Becoming more informed around and familiar with the basics of our own menstrual cycle can help us have a more manageable and balanced period and is a proactive way of supporting our overall health. 

Tuesday, January 19, 2016

Digestion Basics

Even though our digestive system does a great deal of work on a daily basis, outside of recognizing when we are hungry or full,  some occasional  minor gas, and a sense of when we have to have a bowel movement, we shouldn't directly feel too much going on, digestive wise.  
Balanced digestion involves little to no digestive discomfort, no painful gas or bloating, and at least 1, but no more than 3, bowel movements per day.  Our bowel movements should be formed and remain together in the toilet bowl and should contain no blood or mucous.  
Our bodies do a great job of normalizing any concern that we experience for an extended period of time and this especially occurs for any digestive symptoms.  For many of us, our digestive function doesn't match up with the above list, but we come to accept discomfort, bloating, disrupted bowel movements as normal because we can't remember having felt any differently.  
It is a good idea for all of us to track how we feel digestively for a few days and note if any of these concerns are occurring for us.  If so, it is good idea to then further explore potential causes for our symptoms.    Digestive concerns can be linked to the foods we are eating (doing a cleanse provides a great insight into whether any of the foods we are eating are contributing to different symptoms we are experiencing), imbalances in gut flora/digestive mucous membranes/digestive enzyme functioning (all of which can be addressed through different supplements), and emotional concerns or stress (which can be supported through counselling and stress management techniques such as journalling, deep breathing, meditation).  
Our digestive system does tend to be pretty flexible and responsive to positive changes, so pinpointing a concern and working on addressing/supporting it has great potential to help us to feel better on a digestive level.  

Wednesday, January 13, 2016

Helpful Cleanse Hints

The cleanse is already almost half over!  In many ways, it seems to be going by quite fast this year!  All of my suppers so far have been simple suppers - tonight I had Lemon Quinoa from Kris Carr's new book Crazy Sexy Juice.  It was quick to prepare and delicious!  The book contains loads of great juice, smoothie, and nut milk recipes, as well as some solid food recipes, and is well worth picking up.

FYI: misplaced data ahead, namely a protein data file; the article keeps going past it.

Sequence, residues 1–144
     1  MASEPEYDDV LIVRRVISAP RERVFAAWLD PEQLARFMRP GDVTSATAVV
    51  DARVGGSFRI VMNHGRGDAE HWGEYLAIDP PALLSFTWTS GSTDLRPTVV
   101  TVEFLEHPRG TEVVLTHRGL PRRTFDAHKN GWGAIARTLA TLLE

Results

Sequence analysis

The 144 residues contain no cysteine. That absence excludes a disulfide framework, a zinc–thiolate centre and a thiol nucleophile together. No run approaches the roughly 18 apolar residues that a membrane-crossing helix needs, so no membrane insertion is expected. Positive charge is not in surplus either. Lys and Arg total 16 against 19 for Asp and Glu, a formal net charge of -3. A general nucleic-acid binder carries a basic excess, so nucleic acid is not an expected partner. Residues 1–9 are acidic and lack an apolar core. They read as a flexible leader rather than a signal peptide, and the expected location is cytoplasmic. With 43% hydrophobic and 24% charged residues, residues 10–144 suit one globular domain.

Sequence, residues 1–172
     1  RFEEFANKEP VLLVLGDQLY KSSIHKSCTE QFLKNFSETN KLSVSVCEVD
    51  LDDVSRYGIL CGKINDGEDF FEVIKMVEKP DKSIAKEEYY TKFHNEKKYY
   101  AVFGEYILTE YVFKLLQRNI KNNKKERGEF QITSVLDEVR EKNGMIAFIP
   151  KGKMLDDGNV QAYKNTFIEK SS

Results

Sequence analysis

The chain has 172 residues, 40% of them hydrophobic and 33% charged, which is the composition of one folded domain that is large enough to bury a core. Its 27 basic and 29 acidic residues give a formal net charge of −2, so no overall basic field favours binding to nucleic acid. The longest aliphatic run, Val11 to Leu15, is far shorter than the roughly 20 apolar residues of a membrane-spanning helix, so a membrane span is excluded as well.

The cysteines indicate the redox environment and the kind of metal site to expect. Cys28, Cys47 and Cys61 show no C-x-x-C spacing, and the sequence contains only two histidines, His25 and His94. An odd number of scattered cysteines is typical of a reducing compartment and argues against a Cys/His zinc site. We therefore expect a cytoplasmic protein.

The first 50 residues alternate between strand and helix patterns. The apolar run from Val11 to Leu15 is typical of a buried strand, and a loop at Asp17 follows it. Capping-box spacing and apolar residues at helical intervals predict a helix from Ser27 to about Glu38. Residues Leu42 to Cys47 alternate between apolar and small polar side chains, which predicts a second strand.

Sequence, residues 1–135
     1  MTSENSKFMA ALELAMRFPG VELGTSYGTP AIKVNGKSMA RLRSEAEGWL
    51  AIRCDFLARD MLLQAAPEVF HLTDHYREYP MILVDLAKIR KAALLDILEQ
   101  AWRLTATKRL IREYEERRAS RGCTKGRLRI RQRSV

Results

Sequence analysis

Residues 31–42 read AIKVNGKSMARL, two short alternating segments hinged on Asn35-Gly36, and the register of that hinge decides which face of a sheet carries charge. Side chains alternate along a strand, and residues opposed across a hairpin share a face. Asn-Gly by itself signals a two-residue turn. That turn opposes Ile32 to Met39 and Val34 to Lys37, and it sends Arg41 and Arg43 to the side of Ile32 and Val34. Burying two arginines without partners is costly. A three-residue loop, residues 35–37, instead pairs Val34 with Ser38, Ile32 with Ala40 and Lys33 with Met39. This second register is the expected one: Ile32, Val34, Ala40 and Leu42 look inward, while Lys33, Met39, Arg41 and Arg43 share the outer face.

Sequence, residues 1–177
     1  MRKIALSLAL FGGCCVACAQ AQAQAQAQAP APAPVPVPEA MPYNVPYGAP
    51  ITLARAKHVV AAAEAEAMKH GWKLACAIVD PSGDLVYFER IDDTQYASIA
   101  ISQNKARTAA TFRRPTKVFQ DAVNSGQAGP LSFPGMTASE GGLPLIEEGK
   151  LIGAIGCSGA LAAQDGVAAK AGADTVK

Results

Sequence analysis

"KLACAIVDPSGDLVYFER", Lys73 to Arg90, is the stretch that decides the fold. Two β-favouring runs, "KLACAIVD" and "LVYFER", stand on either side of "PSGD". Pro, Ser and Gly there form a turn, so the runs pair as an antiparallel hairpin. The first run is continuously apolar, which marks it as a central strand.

Some strategies to make the cleanse a bit easier and a bit more supportive include:
1.  Drink at least 2 litres of water per day - this helps to properly hydrate the body, support the liver in cleansing out toxins more effectively, and helps out with food cravings that can occur especially at the start of the cleanse.
2.  Add a fresh squeezed lemon to one of the glasses of water - this offers further liver cleansing support.
3.  Focus on liver friendly vegetables which includes beets, carrots, leafy greens (kale, collards, chard), brassica vegetables (broccoli, cauliflower, brussel sprouts, cabbage) - this further supports healthy liver cleansing.
4.  If craving/missing sweets, have a variety of fresh fruit options to choose from - the fruit can help satisfy some of the sweet cravings.
5.  Prepare snacks ahead of time - this can include fresh fruit, small servings of raw and unsalted nuts and seeds, cut up raw vegetables, bean dips.
6.  Try vegetables you wouldn't normally eat - this expands the food variety and can help make missing the foods that have been removed from the cleanse a bit easier/a bit less obvious.  For the cleanse this year, I have had acorn squash, bok choy, green beans, and golden beets, in addition to the regular vegetables I eat.
7.  Make extra when you do cook - I have leftovers every day for lunch to simplify things.   As well, so far on this cleanse, I have been cooking primarily only every second day because of extra food from the previous night's supper.  This greatly reduces the amount of time required and the overwhelm around preparing food for the cleanse.
8.  Try making a green smoothie for breakfast - it is an easy and quick breakfast solution and is a great way to start the day.  The smoothie I have each morning is made up of 1 green apple, 2 inches of cucumber, 1 cup of chard, 2 tbsp of hemp seeds, 1 tbsp of cashew butter, 1 tbsp of coconut oil, 3/4 cup of water.  From start to end of clean up, it takes approximately 10 minutes to make.
9.  Integrate avocado and coconut oil if missing the higher fat foods that are removed on the cleanse - both of these foods are rich in saturated fat and can help a person to feel more full.

Breast Cancer Risk and PREDIMED participants

An article by Jacob Schor in the November 2015 issue of the Natural Medicine Journal discusses breast cancer risk amongst the female participants of the Prevencion con Dieta Mediterranea (PREDIMED) study.  
This 2003-2009 Spanish study involved over 4,200 women (between the ages of 60 and 80 years, average age 67.7 years) who were at high risk for cardiovascular disease.  
The participants were divided into 3 groups:  1 group that ate a Mediterranean Diet (MD) and 2 ounces of extra virgin olive oil per day, 1 group that ate a Mediterranean Diet (MD) and 30 g of walnuts, almonds, and hazelnuts per day, and the control group that ate a low fat diet. 
The primary reason for this study was to gather information around diet and cardiovascular risk/concerns, but it was also analyzed for breast cancer incidence amongst participants (with no previous history of breast cancer).